Thunder is a good thing for brainstorming!

Yep. Cheesy. But true! If you really want to have a successful brainstorming session, you have to let all of your ideas – even the most insane, impractical, and outrageous ones – out into the world!

Whether you’re brainstorming in a group or by yourself, the point is to get as many ideas out as possible. This means that, above all, just get them out – no analyzing yet! That can happen later. Just throw the ideas around and see where they take you, because the thought process is an amazing one that can lead you to some pretty intense inspiration.

If you’re having problems coming up with ideas, which is more likely to happen when you’re alone, then there are a couple things you can do in order to expand your mind’s creative thought process.

  1. How would you solve the given problem if you went back in time by 100 years?
  2. Imagine yourself as someone else – empathize with their point of view and think about how that person would solve the problem.
  3. Do a SWOT analysis! Identify the Strengths, Weaknesses, Opportunities, and Threats you are facing. This will lead you to analyze the issue with more depth.
  4. Do a mind-mapping technique. By using a hierarchical structure for your problem, you can put it into perspective by breaking it down. Write your topic or problem or question in the center of a piece of paper and circle it, then branch out from there into smaller chunks to solve one-by-one, and more if needed. You can also do this digitally by using mind-mapping software like FreeMind (it’s free!).
  5. Free writing, or writing down every thought that pops into your head, is a good way to get the juices flowing on paper and get down every idea you may have. It may start out with, “Okay, I’m just going to write whatever pops into my head now. I need a shower. I wonder if there’s any coffee left? This is going to be interesting once I figure out what I’m doing…” and it goes on. Write everything down! You never know what nuggets of ideas you may catch on that piece of paper.
  6. Write down a list of ideas. Often times, one idea will lead to more ideas, especially in a group. If you have a handful of people from different backgrounds with different experiences, you’re going to get a whole lot of different ideas from them all!
  7. Look around and do some research. If you have a computer and can get online, you can literally find answers to just about everything you come across. Everything is online now! We even have online colleges and high schools now. People share their problems and solutions on the web all the time – maybe you can tap into some of the knowledge already out there to solve your issue, or at least have it lead to ideas of your own. It’s not quite the same as being in a group, but it’ll still be informative!
  8. Ask random people for input. The point of brainstorming is to get ideas, make things happen, and get various perspectives in order to accomplish this. If you get input from someone who isn’t IN the project or problem, they can oftentimes point out ideas or aspects that someone within the problem may not be able to see. That saying about not seeing the forest for the trees applies here… if you’re too close to it, you miss the big picture. It’s like looking frantically for your car keys only to find out 20 minutes later that they’ve been in your pocket the whole time =)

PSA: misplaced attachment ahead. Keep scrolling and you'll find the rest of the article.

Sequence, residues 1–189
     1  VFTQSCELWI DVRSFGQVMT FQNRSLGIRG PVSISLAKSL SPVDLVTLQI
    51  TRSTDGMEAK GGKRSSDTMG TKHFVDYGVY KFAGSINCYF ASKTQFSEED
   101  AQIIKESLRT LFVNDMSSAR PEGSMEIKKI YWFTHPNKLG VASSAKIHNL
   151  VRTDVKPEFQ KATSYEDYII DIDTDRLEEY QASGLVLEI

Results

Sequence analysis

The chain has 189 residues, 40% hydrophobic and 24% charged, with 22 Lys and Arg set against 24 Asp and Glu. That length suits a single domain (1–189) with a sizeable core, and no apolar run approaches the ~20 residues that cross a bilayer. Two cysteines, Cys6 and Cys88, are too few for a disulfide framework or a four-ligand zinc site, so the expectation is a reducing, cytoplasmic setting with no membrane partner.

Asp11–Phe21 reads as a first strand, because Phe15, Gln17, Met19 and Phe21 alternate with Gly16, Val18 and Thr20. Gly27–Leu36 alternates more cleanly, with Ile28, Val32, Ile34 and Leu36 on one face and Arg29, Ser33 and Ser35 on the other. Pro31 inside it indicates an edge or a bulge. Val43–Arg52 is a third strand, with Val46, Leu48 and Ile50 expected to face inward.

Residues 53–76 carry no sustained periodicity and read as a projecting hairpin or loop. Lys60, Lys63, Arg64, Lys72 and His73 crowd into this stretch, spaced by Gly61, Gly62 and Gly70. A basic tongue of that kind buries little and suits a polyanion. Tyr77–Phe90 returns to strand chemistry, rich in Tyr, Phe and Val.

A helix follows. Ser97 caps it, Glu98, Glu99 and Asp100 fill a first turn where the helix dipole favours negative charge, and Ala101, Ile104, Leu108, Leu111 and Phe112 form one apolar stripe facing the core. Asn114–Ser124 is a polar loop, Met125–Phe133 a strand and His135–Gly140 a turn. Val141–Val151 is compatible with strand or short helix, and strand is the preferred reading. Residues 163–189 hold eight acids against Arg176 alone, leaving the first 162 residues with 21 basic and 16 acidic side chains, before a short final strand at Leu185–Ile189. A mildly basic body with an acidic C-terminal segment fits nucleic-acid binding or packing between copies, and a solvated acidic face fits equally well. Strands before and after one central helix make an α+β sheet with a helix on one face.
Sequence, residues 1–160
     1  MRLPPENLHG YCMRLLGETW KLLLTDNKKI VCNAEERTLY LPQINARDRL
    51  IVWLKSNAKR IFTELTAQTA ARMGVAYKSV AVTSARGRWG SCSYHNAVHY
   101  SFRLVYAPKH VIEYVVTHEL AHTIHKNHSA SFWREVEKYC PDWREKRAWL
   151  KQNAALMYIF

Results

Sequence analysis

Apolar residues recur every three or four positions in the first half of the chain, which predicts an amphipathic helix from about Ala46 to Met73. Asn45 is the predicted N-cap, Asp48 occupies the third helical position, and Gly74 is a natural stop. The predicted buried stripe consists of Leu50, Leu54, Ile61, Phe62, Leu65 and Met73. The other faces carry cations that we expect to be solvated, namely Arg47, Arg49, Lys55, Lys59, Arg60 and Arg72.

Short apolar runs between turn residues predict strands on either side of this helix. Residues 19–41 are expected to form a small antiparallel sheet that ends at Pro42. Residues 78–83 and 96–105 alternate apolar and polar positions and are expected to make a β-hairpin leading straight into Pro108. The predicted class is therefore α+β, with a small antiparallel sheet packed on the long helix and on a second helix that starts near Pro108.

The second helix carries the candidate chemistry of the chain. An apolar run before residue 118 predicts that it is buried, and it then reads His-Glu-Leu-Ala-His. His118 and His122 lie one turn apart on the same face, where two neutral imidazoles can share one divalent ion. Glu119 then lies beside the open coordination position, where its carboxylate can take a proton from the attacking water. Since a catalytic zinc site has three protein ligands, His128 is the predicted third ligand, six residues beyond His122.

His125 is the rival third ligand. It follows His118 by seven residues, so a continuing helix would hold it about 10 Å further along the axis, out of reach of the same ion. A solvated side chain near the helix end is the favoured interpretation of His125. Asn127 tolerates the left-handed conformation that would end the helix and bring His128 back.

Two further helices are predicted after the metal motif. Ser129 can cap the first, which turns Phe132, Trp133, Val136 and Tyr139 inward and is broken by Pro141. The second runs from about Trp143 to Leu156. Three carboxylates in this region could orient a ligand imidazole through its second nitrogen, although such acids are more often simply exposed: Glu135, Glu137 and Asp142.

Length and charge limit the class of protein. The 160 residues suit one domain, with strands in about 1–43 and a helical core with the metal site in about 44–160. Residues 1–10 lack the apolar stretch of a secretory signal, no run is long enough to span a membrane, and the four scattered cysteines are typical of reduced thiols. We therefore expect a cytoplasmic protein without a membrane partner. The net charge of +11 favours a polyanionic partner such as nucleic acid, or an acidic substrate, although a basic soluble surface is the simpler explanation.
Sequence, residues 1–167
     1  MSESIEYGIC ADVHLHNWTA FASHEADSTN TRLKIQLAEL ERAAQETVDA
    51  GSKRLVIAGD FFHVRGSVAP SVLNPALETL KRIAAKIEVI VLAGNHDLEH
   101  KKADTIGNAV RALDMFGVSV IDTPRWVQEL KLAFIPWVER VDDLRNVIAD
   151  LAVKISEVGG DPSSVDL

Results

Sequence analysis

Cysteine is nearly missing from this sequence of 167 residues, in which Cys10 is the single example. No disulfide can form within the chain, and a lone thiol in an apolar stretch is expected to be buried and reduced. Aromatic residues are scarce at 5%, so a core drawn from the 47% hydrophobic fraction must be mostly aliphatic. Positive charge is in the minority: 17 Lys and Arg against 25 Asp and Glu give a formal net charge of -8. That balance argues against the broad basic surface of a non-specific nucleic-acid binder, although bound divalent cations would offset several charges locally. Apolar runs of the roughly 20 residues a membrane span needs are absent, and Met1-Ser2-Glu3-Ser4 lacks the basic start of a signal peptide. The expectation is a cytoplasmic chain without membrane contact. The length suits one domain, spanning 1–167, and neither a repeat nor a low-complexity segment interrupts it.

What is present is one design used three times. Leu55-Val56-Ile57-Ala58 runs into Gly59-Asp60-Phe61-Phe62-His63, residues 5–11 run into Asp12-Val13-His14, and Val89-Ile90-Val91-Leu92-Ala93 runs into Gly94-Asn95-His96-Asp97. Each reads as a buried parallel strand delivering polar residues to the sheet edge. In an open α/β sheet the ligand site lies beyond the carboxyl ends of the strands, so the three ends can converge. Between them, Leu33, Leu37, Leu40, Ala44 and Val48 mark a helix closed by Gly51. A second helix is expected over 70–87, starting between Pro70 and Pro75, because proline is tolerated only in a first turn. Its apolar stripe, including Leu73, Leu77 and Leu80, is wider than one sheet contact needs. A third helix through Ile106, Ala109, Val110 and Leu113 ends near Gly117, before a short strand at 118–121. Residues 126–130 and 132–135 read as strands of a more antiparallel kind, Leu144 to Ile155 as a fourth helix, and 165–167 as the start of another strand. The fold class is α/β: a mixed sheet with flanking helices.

9. Think in opposites. If you switch your perspective from one side of the spectrum to the opposite side, you’ll have a whole new angle to look at things! It’s simple. If you assume that things will go a specific way, try to change or get rid of that assumption. If you think most people would do one thing, do something completely different or opposite. You might just surprise yourself!
  10. Most importantly: whether you’re in a group or alone, don’t analyze or criticize any ideas. None. If you’re in a group, this will make people scared to share their ideas. If you’re by yourself, your inner critic will kick in and shoot down every idea you have. No bueno! The analysis part can come later. For successful brainstorming, though, keep the ideas flowing, not the criticism (self- or otherwise).
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People use brainstorming for all sorts of things. Anything as small as where to go for a dinner date to something as big as how to outdo the competition in business or sports. You have to think about it! Because of the nature of brainstorming and ideas, things can get pretty crazy. If you get stuck, try to change your perspective a little… or a lot.

It amazes me how many things can be solved with brainstorming. If you’re in school, it can help you write papers, come up with project ideas, or even innovative ways to handle various career situations. If you’re working, you can brainstorm various things, too. If you’ve ever seen the show House, you’ll know exactly that even doctors and nurses brainstorm to diagnose difficult-to-pinpoint patient cases.

Everyone should know the basics of brainstorming! This tool is so useful, and can be applied to virtually anything. Whether you’re working on a novel, figuring out a business plan, rearranging furniture, or figuring out what to cook with leftovers, brainstorming is an amazing thing and can open up numerous channels of thought and creativity.

So, the next time you’re faced with a question, problem, or idea, get out a pen or gather a group and prepare for some crazy weather. Chances are, things will be a lot clearer once the storm is over and the clouds clear up!